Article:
Protein interaction networks

Two main topics in the study of protein-protein interaction (PPI) networks are their annotation and their involvement in disease: these topics are inter-related since better annotations allow better understanding of how the disruption of the PPI network results in disease [1].

Methods and databases

The generation of high-throughput data for gene expression, PPIs, chromatin immunoprecipitation, etc. often produces large lists of results for which alternative experimental scoring schemes can be proposed but that can be evaluated with just a few positives, for example, already known PPIs. To facilitate the evaluation of alternative scoring schemes in such a situation we have implemented QiSampler, a web tool that uses as input a list of items (e.g. genes or PPIs), multiple scores, and a definition of positives [2]. The method uses a repetitive sampling strategy and outputs ROC graphs to make it easy to select the most discriminant scoring and a cut-off, and it is available both as web tool and as an R script.

We have generated a PPI network focused on cellular signalling using yeast-two-hybrid to find the protein partners of 450 signalling related proteins [3]. From these data we built a directed interaction network connecting receptors to transcription factors. We used this network to study the dynamics of protein phosphorylation upon EGF/Erk activation, and to predict modulators of EGF/Erk signaling.

PPI databases are resources that can be used for the study of cellular pathways and networks. However, PPI data is experimentally obtained by methods of variable reliability. To allow the study and filtering of the human PPI network, we created HIPPIE, a database that integrates PPI data from several databases and datasets and uses a score that accounts for the amount and quality of experimental information attached to each PPI [4].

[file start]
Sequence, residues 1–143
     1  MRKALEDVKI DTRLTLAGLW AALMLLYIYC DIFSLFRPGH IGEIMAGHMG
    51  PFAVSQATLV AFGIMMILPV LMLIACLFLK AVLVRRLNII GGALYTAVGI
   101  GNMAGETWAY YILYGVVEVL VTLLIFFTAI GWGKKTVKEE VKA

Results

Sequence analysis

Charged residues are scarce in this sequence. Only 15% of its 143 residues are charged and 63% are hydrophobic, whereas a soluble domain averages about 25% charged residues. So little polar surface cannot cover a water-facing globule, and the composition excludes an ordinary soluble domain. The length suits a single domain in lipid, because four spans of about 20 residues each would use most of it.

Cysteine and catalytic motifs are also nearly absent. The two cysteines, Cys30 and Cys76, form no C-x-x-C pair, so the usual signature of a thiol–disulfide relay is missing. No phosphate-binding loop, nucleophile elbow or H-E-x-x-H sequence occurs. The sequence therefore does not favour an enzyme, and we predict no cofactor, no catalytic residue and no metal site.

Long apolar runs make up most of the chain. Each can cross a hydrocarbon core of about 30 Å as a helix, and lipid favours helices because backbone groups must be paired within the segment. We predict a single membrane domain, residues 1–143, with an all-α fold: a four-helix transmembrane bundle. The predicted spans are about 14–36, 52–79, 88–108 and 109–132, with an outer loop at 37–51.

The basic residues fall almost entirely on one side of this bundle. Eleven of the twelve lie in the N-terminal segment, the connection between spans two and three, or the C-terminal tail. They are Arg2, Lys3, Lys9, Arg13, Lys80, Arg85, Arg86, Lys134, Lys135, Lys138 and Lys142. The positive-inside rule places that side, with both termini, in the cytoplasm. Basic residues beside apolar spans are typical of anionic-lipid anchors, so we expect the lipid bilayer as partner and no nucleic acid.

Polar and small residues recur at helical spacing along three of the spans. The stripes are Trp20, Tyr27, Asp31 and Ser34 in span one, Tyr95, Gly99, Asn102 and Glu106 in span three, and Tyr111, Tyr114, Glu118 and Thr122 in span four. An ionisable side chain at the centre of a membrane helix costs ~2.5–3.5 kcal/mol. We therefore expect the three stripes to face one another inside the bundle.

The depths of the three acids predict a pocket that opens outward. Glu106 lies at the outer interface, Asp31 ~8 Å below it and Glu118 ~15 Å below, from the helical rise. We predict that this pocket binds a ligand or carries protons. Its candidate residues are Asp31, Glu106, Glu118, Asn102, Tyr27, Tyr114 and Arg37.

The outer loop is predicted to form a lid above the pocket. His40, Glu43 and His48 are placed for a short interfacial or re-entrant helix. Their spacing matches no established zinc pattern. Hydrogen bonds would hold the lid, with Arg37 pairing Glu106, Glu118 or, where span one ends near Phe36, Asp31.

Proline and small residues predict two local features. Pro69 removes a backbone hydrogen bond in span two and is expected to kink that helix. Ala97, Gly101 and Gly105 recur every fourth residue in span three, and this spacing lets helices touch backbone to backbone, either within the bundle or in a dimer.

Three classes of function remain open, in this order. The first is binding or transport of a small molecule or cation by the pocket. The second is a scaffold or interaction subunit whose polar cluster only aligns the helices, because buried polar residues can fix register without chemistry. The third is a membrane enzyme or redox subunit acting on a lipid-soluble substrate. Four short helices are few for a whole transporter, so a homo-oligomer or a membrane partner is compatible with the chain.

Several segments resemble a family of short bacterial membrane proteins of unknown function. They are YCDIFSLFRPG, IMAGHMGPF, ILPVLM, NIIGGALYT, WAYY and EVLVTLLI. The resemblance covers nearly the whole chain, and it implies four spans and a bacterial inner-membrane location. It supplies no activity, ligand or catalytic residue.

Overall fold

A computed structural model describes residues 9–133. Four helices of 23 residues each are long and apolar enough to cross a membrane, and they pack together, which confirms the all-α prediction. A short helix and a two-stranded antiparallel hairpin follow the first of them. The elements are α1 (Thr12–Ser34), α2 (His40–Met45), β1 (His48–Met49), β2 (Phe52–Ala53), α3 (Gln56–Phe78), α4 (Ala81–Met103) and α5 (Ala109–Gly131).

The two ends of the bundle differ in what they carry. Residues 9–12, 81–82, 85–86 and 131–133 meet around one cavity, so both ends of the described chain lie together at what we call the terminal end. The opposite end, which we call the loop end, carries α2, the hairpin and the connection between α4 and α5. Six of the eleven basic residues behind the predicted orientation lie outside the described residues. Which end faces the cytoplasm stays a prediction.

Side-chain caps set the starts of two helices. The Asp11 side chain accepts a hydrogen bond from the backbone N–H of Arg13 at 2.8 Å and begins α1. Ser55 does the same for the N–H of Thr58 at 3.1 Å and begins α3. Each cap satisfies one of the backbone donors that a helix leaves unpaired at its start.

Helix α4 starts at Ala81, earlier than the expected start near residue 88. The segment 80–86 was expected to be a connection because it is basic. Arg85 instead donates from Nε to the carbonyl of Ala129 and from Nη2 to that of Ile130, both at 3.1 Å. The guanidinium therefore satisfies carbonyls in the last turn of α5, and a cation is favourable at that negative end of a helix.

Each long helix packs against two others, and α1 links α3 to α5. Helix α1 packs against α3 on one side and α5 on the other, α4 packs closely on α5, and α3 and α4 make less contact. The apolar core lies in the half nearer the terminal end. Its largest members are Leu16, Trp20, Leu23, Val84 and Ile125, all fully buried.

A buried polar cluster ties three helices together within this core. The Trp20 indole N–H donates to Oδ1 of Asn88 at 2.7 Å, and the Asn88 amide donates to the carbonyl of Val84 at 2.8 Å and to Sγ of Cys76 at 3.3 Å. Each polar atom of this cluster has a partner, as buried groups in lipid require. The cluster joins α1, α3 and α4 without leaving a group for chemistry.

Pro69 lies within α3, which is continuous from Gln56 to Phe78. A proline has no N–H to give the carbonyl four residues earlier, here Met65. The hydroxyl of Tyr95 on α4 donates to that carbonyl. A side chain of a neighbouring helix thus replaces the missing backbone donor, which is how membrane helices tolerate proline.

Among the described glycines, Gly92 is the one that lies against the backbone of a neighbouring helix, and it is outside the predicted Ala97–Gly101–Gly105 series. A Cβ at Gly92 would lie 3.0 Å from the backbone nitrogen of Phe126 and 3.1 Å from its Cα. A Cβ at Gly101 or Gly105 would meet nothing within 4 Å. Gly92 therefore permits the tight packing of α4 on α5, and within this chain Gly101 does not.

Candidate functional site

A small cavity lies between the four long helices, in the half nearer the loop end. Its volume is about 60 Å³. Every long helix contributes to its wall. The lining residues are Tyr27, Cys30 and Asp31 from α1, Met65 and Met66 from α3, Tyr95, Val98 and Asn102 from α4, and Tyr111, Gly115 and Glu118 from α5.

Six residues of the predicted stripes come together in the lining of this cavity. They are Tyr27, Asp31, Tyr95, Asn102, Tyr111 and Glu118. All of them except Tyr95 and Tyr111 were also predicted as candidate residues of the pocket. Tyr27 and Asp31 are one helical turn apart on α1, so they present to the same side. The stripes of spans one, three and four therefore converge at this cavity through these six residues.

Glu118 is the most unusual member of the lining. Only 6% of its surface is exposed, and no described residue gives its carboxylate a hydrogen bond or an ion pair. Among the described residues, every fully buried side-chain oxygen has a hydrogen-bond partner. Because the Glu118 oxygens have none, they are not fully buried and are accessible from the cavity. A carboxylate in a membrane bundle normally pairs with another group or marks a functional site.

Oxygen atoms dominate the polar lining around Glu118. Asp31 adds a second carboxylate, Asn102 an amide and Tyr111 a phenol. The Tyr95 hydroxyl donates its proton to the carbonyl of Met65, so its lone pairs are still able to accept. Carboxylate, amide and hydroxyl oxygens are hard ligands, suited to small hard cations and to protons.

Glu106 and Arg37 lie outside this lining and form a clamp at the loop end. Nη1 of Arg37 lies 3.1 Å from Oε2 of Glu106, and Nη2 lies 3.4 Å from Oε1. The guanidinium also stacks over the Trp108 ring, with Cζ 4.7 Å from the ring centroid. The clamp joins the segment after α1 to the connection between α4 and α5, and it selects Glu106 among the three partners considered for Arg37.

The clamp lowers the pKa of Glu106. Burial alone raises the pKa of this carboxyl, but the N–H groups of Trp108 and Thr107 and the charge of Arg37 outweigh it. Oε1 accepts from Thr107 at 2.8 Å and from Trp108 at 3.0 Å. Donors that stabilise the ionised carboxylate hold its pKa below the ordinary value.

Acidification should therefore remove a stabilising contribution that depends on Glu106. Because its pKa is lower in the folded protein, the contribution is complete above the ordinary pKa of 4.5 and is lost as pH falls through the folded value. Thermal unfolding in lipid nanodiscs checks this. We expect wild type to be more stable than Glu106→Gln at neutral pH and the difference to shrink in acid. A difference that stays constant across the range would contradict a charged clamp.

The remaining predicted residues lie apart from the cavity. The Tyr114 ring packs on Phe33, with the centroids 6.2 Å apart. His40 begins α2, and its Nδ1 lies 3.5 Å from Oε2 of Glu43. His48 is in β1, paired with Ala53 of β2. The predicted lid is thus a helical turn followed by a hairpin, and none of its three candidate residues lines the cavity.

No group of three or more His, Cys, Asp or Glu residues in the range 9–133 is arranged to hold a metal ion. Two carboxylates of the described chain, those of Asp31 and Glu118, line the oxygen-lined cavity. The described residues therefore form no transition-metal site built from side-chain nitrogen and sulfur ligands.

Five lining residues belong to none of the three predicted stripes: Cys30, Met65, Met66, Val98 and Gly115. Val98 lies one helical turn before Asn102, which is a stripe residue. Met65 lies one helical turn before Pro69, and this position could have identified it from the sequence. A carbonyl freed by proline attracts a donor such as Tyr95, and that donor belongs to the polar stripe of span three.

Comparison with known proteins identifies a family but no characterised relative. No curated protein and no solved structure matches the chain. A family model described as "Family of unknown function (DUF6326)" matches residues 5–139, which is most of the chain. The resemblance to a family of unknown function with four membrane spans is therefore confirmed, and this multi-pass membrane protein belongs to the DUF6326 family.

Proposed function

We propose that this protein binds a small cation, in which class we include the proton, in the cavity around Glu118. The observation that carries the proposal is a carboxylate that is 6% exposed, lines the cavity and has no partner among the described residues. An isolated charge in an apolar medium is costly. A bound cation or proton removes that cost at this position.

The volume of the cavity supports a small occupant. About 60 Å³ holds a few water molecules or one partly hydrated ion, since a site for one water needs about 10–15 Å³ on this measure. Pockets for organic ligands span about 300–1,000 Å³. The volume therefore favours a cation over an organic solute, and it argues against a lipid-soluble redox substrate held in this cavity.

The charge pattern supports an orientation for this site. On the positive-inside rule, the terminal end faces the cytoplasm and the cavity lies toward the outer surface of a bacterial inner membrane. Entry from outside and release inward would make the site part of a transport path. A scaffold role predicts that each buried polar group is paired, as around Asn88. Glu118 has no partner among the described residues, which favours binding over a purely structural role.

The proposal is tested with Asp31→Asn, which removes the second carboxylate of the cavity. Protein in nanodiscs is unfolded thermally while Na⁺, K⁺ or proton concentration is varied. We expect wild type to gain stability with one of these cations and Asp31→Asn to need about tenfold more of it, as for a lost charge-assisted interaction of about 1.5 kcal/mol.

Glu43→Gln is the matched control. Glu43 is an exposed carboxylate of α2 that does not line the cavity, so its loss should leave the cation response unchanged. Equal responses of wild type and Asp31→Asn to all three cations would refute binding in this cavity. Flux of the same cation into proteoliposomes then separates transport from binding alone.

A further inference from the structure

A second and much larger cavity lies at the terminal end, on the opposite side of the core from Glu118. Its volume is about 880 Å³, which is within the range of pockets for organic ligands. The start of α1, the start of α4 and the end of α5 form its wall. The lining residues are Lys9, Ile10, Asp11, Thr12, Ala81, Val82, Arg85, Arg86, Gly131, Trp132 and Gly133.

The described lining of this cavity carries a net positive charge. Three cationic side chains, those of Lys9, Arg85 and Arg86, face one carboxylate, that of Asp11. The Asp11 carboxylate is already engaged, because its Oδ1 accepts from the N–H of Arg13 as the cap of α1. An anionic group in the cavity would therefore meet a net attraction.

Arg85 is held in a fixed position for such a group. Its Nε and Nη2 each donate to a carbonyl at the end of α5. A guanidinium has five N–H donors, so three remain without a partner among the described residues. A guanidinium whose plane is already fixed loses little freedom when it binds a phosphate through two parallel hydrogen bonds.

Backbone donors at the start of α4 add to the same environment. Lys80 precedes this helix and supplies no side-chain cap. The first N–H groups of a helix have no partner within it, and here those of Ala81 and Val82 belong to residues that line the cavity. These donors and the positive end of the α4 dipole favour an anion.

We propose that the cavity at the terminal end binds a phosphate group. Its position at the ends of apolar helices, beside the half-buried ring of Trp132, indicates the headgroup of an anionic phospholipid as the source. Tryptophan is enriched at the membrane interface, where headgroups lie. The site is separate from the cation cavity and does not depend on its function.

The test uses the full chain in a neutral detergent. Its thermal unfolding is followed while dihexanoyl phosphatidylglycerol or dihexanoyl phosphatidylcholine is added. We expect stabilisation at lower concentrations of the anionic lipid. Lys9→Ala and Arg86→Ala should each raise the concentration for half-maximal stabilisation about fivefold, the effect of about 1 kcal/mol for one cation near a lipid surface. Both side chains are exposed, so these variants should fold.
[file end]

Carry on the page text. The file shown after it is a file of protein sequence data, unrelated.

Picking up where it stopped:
In a previous study [5] we compared HIPPIE and five other databases of human PPI data (HPRD, INTACT, MINT, BIOGRID, and STRING) with emphasis in the coverage and network topological properties of their datasets. The addition of tissue information to the PPI data, currently not considered in these databases, improved the biological relevance of the data. We pointed to proteins that are subject to intense study but for which high confidence PPI data hardly exist. In a separate study we noted that these different frequencies of study generate biases in the PPI network that have to be accounted for, for example, making proteins involved in cancer to apparently have more interacting partners [6].

We show that measured interactions where the interacting proteins are expressed in the same tissue, or cellular location, and involved in similar processes are more reliable. We also show that interactions connecting paths between particular types of proteins (i.e. receptors and transcription factors) reflect biological pathways. These properties are useful to focus on relevant PPI subnetworks; we implemented mechanisms to do this in HIPPIE and illustrated how to apply this to biological cases (human proteins interacting with influenza virus and phosphorylation dependant pathways of aggregation in Alzheimer's) [7]. The HIPPIE scores were also used for the development of the SynSys database, which specializes in the interactions, structures, drugs and pathways of synaptic proteins [8].

We have developed a new method to evaluate results of Y2H screens with cDNA microarrays that provides more quantitative results and controls for autoactivation than classic Y2H [9]. Basically, the Y2H procedure uses yeast strains that carry a bait protein, which is tested against a library of prey proteins. Bait and prey are introduced as DNA plasmids. Protein interaction between bait and prey results in the activation of a HIS3 reporter gene, which allows the growth of the strain and the detection of the interaction. Instead of using strain growth as readout, our method detects the PCR-amplified plasmid DNA used for the expression of the prey protein by hybridization to a cDNA microarray. Application of this procedure to samples where the bait is lacking gives a readout of unspecific autoactivation, which is used to reduce Y2H false positives. We tested the system with Huntingtin and wild-type and mutant forms of ataxin-1, found novel interactors of both proteins and were able to describe how the mutation in ataxin-1 modifies its network of interactions.

We developed a method to predict activating or inhibiting effect of PPIs in a high-throughput fashion by comparing the phenotypes produced in a siRNA knockdown screen [10]. Basically, similarity of phenotypes upon knockdown of interacting partners is taken as evidence of an activatory interaction, whereas different phentoypic effects are taken as evidence of inhibiting effect. We applied this approach to cellular images from a genome-wide siRNA screen in HeLa cells to predict effects for 1,954 PPIs.